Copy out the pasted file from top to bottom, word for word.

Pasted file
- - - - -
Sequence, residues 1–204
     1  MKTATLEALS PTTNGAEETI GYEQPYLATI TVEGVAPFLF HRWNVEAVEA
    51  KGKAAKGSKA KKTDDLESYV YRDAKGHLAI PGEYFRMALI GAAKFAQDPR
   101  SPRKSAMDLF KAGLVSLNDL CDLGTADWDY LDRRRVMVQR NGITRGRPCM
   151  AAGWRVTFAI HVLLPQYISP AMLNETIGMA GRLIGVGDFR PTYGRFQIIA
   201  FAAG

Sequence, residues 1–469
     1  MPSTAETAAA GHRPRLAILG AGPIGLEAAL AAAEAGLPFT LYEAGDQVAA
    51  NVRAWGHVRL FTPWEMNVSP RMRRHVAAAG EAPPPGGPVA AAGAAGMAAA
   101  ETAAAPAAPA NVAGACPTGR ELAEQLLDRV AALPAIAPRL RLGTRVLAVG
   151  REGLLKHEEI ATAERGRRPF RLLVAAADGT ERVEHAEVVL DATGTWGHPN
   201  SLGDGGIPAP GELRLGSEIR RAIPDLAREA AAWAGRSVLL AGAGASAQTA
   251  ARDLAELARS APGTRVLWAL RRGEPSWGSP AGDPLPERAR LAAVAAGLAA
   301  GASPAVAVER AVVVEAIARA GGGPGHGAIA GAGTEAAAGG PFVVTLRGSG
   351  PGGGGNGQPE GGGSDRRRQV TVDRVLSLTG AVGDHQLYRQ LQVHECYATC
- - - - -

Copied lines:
Sequence, residues 1–204
     1  MKTATLEALS PTTNGAEETI GYEQPYLATI TVEGVAPFLF HRWNVEAVEA
    51  KGKAAKGSKA KKTDDLESYV YRDAKGHLAI PGEYFRMALI GAAKFAQDPR
   101  SPRKSAMDLF KAGLVSLNDL CDLGTADWDY LDRRRVMVQR NGITRGRPCM
   151  AAGWRVTFAI HVLLPQYISP AMLNETIGMA GRLIGVGDFR PTYGRFQIIA
   201  FAAG

Sequence, residues 1–469
     1  MPSTAETAAA GHRPRLAILG AGPIGLEAAL AAAEAGLPFT LYEAGDQVAA
    51  NVRAWGHVRL FTPWEMNVSP RMRRHVAAAG EAPPPGGPVA AAGAAGMAAA
   101  ETAAAPAAPA NVAGACPTGR ELAEQLLDRV AALPAIAPRL RLGTRVLAVG
   151  REGLLKHEEI ATAERGRRPF RLLVAAADGT ERVEHAEVVL DATGTWGHPN
   201  SLGDGGIPAP GELRLGSEIR RAIPDLAREA AAWAGRSVLL AGAGASAQTA
   251  ARDLAELARS APGTRVLWAL RRGEPSWGSP AGDPLPERAR LAAVAAGLAA
   301  GASPAVAVER AVVVEAIARA GGGPGHGAIA GAGTEAAAGG PFVVTLRGSG
   351  PGGGGNGQPE GGGSDRRRQV TVDRVLSLTG AVGDHQLYRQ LQVHECYATC